7. A dental scraper (added as of 5/21/20) – During this pandemic, we’re not making it to the dentist routinely, and I notice that the black stains seem to be gaining ground (particularly with my 9 yr old with braces!), so I started using a dental scraper tool like this one. The results aren’t perfect, but I’m able to easily scrape off the black stains on the flatter parts of the teeth and loosen some of the stubborn black stains that build up along the gumline. I noted that when I scraped the stains along the gumline, it would often seem like I hadn’t removed anything. However, when we brushed afterwards and over the course of the following few days, some of the stains could be brushed away, so I think the scraper can agitate or loosen the stains a bit.
  8. Probiotics (added as of 9/1/20) – we haven’t tried probiotics yet, but a reader sent me a tip that eating Greek yogurt regularly (which has cultures containing: L. Bulgaricus, S. Thermophilus, L. Acidophilus, Bifidus, L. Casei) seemed to have reduced some of the black staining in their family. Whether it’s yogurt or probiotic capsules, some form of probiotics may be another thing to try. It seems to make sense given the bacterial nature of the staining and the beneficial bacterias found in probiotics and yogurt, etc.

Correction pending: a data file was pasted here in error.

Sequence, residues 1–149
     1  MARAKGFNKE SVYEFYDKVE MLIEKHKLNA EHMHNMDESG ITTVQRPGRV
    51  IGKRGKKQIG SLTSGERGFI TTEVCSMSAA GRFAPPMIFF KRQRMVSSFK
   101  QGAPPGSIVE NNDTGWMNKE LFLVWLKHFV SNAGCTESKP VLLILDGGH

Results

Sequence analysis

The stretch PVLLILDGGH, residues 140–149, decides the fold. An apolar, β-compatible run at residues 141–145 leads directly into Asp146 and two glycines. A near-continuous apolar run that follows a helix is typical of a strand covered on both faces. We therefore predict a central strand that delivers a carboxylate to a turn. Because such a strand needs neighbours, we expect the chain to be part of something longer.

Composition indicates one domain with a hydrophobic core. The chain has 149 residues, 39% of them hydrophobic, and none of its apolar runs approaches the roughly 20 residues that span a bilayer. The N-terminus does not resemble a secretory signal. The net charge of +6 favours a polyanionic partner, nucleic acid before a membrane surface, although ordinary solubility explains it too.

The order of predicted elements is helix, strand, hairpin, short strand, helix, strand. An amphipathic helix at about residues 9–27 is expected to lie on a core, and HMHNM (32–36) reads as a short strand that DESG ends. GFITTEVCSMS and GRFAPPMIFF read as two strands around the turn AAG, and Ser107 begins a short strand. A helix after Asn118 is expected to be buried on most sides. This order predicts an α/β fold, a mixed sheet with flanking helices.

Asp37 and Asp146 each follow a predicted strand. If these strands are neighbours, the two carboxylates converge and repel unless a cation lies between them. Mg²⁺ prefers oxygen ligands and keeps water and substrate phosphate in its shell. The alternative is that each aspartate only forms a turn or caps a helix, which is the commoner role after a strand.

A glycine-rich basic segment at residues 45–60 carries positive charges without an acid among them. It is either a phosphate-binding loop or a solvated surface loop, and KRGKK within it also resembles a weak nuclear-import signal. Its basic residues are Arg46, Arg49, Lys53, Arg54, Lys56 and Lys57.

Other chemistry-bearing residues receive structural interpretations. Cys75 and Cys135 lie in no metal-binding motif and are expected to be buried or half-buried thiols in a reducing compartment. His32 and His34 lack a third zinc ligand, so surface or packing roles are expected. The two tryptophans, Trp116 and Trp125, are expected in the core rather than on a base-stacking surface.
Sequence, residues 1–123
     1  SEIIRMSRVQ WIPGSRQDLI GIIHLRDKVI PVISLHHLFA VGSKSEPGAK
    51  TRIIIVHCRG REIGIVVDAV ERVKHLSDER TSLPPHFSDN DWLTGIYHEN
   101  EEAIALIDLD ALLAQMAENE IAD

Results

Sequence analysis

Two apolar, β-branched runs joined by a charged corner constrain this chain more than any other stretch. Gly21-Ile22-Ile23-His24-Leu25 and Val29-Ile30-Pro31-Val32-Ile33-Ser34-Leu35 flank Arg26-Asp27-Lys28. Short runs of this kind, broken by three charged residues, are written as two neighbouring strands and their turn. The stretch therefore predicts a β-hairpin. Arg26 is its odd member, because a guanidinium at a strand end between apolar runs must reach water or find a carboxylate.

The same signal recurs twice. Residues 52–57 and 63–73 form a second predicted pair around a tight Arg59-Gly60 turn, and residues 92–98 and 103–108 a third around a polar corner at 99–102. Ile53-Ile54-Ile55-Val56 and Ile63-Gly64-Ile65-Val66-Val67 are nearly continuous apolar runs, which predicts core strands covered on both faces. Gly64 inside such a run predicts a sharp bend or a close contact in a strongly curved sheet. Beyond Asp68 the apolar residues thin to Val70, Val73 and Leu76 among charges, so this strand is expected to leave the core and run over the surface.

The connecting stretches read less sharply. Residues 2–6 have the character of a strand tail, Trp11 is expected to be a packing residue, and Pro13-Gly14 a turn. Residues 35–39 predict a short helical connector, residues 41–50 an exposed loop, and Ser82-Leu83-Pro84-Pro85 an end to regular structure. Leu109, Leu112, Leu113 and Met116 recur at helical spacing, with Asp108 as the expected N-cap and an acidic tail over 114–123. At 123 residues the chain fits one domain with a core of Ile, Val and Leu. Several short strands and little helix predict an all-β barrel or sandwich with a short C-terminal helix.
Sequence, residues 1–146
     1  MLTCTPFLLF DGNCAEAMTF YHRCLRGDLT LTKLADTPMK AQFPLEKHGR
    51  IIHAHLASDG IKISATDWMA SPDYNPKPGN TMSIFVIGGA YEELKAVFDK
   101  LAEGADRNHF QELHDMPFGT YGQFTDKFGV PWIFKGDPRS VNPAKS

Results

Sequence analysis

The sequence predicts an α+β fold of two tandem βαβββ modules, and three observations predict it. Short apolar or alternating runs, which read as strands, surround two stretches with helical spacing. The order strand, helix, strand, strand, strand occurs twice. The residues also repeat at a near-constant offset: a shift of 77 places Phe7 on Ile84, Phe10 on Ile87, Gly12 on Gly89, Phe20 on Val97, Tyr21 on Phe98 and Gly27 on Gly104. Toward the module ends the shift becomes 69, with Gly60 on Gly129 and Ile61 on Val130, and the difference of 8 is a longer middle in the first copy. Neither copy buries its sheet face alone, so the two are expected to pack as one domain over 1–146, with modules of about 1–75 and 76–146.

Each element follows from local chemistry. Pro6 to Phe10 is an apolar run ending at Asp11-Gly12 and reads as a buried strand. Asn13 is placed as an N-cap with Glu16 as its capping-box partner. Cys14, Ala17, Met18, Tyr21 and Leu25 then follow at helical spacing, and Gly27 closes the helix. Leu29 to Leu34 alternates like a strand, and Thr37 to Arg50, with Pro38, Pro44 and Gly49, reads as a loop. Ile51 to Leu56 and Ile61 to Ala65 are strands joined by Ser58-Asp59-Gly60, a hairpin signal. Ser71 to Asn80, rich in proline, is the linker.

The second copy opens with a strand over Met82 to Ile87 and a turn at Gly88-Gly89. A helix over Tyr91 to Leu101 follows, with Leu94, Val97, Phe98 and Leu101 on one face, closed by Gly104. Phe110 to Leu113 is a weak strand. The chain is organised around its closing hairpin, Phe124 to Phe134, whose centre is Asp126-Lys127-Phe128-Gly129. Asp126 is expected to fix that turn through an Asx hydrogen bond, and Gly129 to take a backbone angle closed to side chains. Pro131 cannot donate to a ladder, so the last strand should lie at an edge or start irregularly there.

9. Brushing teeth before breakfast (added as of 9/30/21) – I’m suspecting this is making a remarkable difference, but only time will tell. I suddenly noticed this week that one child amazingly doesn’t have ANY black staining and my other child seems to have a lot less than usual. The only change I could think of is that they both started brushing their teeth before breakfast instead of after breakfast. It’s only been a month so far, so I’ll have to see if the stains continue to stay away this time. As for the theory why this might help? I actually covered this in a previous post about teeth brushing, but I didn’t have my kids brush before breakfast until school started again this year. This other post gets in-depth on the benefits of getting rid of overnight plaque and my theory is that this is slowing down the black-staining chromogenic bacteria.

Resources

This page will definitely be updated if I find out a way to remove or prevent these stains permanently!